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Plagues & Changes in Economics – The Hunt for Taxes

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Lobo
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Plagues & Changes in Economics – The Hunt for Taxes

Post by Lobo on Tue 16 Feb 2016, 2:34 pm


QUESTION: Mr. Armstrong; I assume you have studied this hunt for money government goes through. Has it always ended in the collapse of government?
Thank you
PD
ANSWER: No. It really depends upon the economic system in place. There are two comparable Plagues which devastated the world population. One ended in oppression and the other gave birth to capitalism. It is like the battle between Public and Private. It depends in which side you reside when it hits. In a Public Wave we have taxes rising to compensate for the decline in population whereas in the latter, we find the birth of taxation applied to individuals who suddenly are free to earn money.
One of the worst such events took place coinciding withe Justinian Plague (541-542AD) was a pandemic involving Yersinia pestis, the organism responsible for bubonic plague. This hit the known population on a monumental scale creating a wave of devastation comparable to the Black Death which came about 600+ years later (2 x 309.6) which created capitalism by killing about 50% of the people and ended serfdom reintroduction wages during the 14th century. It is estimated that about 25 million were impacted on its first wave but recurrences struck bringing the total death total to perhaps 50 million. The primary source describing this as a worldwide event in history has come to us from the noted contemporary historian during the 6th century Procopius of Caesarea (Procopius Caesarensis; c. 500-560AD).

The Justinian Plague (541–542AD) resulted in 5,000 people died per day in Constantinople but the Emperor responded with massive taxation as the pestilence swept through the whole known world and notably the Roman Empire. Justinian is remembered for his legal code reforms, but also for massive taxation for having tried to restore the fallen glory of ancient Rome by waging a series of military campaigns to retake lands that had been overrun by barbarian tribes. The Plague wiped out most of the farming community and this impacted the tax revenue of the government. It was taxation that was different from the Black Death. Here, taxation was applied to individuals whereas during latter taxes were minimal and applied to only landlords. Justinian showed no mercy whatsoever when it came to the collapse in his tax revenue. Despite the human desolation, Justinian hunted the ruined freeholders. He not only demanded they pay his annual tax even if they had no income, but he increased the tax on those living to compensate for also the amount of taxation their deceased neighbors were liable.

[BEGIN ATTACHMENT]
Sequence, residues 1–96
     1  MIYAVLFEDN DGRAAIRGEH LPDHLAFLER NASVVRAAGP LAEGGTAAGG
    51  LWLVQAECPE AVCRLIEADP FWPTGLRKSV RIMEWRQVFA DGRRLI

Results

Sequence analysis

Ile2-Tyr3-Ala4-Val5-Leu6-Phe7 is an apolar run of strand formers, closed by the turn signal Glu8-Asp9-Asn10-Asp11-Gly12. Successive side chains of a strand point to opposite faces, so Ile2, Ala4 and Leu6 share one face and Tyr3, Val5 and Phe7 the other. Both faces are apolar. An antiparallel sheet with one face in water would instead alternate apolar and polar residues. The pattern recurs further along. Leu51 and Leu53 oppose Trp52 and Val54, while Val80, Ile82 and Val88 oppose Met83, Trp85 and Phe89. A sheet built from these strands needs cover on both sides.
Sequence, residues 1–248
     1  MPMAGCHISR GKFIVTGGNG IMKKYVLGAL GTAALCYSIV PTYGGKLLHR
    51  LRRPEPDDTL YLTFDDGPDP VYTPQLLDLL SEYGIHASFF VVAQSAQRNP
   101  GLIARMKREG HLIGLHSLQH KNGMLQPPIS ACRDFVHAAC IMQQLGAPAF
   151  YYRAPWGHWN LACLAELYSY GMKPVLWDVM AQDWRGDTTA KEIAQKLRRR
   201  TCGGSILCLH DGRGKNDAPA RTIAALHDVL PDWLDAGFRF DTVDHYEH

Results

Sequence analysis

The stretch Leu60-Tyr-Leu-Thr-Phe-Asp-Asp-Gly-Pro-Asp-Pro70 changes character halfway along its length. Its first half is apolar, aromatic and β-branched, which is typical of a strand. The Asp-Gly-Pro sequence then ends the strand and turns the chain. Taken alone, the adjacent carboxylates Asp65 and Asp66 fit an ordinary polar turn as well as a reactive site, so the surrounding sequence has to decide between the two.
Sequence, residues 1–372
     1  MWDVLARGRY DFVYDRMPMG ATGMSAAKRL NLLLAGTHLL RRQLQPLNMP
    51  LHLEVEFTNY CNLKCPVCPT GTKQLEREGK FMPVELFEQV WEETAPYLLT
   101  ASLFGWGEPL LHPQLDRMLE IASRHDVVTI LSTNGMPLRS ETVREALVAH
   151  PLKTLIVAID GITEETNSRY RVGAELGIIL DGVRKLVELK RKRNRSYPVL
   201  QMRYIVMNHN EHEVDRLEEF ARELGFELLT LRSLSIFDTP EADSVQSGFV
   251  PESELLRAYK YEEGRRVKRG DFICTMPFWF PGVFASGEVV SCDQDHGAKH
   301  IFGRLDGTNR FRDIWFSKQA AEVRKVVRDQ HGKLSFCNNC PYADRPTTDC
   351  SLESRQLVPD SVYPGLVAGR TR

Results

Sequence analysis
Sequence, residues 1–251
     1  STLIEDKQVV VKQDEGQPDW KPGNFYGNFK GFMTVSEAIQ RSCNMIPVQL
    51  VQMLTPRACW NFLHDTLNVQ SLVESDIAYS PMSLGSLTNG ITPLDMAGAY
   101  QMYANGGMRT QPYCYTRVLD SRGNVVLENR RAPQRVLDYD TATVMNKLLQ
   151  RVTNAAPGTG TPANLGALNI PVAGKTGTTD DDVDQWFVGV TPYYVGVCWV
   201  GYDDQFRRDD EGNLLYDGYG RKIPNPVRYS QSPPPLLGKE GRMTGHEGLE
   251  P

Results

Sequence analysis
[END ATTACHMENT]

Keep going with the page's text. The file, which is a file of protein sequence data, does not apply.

Justinian I was rather ruthless when it came to taxation. There was a tax revolt that boiled over on January 13th, 532AD, known as the Nika Revolt, which emerged when an angry populace arrived at the Hippodrome in Constantinople to watch the chariot races. The Hippodrome was next to the palace complex where Justinian could watch from the safety of the Palace. The spectators were hurling insults at Justinian for his taxes. Initially, it was a contest between two opposing teams known as the “Blue” and “Green”. After race 22, the chants began to change to Nίκα (“Nika”, meaning “Win!” or “Conquer!”). The crowds became violent and for the next five days, the palace was under siege. They set fires which destroyed most of the city including the church, the Hagia Sophia, which Justinian would impose harsh taxes to later rebuild.
Therefore, in this instance, Justinian I raised taxes on the 50% who survived so his revenue would not decline. Since this was a period of capitalism which individuals earned money for their labor (socialism/communism the state earns the profit from the labor of the population), then taxes were raised on the people. The Black Death ended serfdom as labor became scarce and landlords had to offer more than 20% of the food and a free house to live in to work their land.
https://www.armstrongeconomics.com/world-news/taxes/plagues-changes-in-economics-the-hunt-for-taxes/

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